In a high-stakes case, a federal judge Monday ordered lawyers for the NFL and roughly 4,000 former and current players, who are suing the league over the issue of concussions, to mediation, The New York Times and the Associated Press reported.
U.S. District Court Judge Anita Brody, who sits in Philadelphia, told both sides they would have to try to settle their differences through a mediator she appointed, retired federal judge Layn Phillips.
Brody had been slated to rule on the NFL’s motion to dismiss the case July 22, but Monday said she won’t rule on that until Sept. 3, part of an effort to have mediation get both sides together, The Times reported. The jurist also issued a gag order on the case.
If the pending lawsuits were successful, the NFL could have to pay out billions of dollars in damages. The players allege, and the NFL denies, that the league purposely withheld information about the long-term dangers of concussions.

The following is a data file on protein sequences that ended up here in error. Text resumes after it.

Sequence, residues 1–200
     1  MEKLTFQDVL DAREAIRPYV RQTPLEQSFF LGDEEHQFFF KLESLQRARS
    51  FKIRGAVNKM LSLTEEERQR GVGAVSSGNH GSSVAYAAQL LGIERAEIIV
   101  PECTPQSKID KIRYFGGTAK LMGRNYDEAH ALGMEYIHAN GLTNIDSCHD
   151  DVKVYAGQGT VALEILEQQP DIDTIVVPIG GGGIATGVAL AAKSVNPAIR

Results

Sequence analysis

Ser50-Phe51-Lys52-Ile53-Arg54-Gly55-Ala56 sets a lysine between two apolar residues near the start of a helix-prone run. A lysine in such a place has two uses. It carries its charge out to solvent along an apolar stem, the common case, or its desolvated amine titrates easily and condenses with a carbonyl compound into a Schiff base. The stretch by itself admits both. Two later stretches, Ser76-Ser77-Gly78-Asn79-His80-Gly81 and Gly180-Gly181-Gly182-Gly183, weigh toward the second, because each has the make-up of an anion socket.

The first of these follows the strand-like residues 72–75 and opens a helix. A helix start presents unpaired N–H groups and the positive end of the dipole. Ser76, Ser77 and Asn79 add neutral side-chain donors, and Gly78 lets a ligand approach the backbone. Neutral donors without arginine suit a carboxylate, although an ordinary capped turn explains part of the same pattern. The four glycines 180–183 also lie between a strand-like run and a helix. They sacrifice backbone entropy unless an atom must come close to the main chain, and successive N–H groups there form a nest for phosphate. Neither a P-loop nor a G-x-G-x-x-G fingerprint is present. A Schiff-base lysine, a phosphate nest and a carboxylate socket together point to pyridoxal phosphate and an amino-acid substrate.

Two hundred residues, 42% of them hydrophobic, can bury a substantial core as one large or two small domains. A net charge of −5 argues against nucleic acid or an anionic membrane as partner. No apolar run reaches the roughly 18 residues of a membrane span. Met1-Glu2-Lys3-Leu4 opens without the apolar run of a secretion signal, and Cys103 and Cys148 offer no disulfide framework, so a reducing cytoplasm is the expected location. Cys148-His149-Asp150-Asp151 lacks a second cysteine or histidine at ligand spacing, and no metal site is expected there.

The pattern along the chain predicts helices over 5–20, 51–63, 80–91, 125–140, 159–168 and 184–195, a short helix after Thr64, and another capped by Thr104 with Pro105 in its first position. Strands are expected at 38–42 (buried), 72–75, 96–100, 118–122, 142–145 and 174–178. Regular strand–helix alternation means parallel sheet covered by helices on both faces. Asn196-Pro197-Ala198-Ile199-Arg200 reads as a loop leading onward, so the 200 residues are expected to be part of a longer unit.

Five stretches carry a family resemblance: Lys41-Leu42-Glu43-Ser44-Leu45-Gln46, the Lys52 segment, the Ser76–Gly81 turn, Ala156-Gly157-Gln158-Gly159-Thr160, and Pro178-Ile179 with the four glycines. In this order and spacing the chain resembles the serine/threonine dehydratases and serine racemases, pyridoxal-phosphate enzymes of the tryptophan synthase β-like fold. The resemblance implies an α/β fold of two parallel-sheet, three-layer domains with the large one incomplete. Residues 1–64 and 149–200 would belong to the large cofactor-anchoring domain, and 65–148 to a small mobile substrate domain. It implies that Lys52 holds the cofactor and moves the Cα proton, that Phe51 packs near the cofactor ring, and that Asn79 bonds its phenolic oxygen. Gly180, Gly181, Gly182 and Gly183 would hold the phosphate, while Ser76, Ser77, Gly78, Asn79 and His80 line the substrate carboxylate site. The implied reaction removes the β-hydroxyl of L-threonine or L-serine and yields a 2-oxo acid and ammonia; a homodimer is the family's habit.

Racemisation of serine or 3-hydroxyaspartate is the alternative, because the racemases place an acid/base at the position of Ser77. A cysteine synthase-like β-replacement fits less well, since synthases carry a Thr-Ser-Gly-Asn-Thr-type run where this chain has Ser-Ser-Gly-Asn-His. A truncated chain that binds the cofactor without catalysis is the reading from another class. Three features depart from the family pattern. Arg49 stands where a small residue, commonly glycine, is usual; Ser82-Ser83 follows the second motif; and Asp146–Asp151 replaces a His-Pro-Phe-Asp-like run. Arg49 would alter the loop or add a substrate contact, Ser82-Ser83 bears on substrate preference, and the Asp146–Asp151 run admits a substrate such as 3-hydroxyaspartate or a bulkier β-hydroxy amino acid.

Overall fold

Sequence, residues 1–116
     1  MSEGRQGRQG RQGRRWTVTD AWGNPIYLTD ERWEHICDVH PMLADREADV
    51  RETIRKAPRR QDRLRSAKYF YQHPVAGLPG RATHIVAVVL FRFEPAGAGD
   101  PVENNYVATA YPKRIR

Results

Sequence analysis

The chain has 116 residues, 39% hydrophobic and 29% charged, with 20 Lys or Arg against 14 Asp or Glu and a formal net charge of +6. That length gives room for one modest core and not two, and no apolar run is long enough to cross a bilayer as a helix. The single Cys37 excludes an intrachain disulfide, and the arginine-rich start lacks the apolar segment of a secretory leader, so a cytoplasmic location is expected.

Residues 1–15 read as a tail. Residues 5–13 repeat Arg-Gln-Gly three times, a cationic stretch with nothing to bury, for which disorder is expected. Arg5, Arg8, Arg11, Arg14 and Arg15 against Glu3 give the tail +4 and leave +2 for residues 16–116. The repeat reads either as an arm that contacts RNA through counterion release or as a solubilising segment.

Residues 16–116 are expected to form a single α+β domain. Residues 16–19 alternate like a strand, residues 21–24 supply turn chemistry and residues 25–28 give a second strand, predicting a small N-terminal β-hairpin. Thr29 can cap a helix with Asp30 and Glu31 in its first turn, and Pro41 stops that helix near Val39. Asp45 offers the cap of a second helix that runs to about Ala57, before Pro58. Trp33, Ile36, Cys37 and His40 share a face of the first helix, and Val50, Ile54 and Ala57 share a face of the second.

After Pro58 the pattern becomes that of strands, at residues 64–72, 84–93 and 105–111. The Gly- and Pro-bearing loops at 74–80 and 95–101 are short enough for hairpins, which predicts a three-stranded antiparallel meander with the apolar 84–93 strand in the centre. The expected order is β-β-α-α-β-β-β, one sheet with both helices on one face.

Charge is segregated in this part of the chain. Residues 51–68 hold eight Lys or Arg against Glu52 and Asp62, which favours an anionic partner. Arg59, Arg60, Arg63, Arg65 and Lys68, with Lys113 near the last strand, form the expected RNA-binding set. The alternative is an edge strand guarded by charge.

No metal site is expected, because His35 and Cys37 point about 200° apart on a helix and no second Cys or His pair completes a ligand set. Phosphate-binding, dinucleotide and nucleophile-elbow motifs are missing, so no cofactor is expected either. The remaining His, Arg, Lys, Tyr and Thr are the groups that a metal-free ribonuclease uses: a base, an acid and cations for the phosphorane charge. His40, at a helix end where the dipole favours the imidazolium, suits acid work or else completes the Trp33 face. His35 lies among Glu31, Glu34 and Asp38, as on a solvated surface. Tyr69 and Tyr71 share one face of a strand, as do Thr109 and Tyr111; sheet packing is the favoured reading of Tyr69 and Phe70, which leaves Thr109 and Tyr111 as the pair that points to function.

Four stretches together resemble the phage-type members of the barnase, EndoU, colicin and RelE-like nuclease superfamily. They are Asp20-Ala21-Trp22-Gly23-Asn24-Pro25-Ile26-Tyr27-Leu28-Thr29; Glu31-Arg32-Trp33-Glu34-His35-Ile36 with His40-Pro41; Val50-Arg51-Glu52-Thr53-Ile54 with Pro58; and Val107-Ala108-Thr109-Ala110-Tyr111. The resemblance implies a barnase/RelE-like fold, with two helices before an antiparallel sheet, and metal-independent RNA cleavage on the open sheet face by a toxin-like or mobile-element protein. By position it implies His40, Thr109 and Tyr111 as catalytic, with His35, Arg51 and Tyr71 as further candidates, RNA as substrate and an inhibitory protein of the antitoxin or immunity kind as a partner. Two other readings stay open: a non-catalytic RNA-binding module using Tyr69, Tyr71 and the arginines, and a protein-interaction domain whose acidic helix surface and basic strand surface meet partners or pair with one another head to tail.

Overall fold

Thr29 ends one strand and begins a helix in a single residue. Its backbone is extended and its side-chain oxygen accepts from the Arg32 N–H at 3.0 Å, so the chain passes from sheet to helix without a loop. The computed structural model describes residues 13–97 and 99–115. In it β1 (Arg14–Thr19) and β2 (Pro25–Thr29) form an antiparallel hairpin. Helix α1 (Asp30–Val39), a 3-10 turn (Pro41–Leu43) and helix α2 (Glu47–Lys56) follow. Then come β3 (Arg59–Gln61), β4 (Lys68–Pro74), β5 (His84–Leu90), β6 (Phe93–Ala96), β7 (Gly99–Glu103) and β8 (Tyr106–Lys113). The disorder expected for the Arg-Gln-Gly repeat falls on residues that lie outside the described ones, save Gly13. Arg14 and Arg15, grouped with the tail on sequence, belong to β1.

A number of players, retired as well as still active, committed suicide and were later found to have suffered from CTE, a degenerative brain disease that’s been linked to repeated head injury. Others are suffering from early-onset dementia.
The NFL not only denies the allegations, it argues that the matter is a contract issue that should be handled in arbitration, not court.
Both sides issued statements after Brody ordered the mediation.
“We respect and will comply with the court’s order regarding mediation and will be available to meet with Judge Phillips at his direction,” the NFL said.
“We have received the order and will follow the court’s directive,” the ex-NFL players’ executive committee said. “Per the order, we will have no further comment on this process.”
In complex cases such as this, most of the legal odds makers didn’t believe that the NFL and the players would make any headway resolving their differences.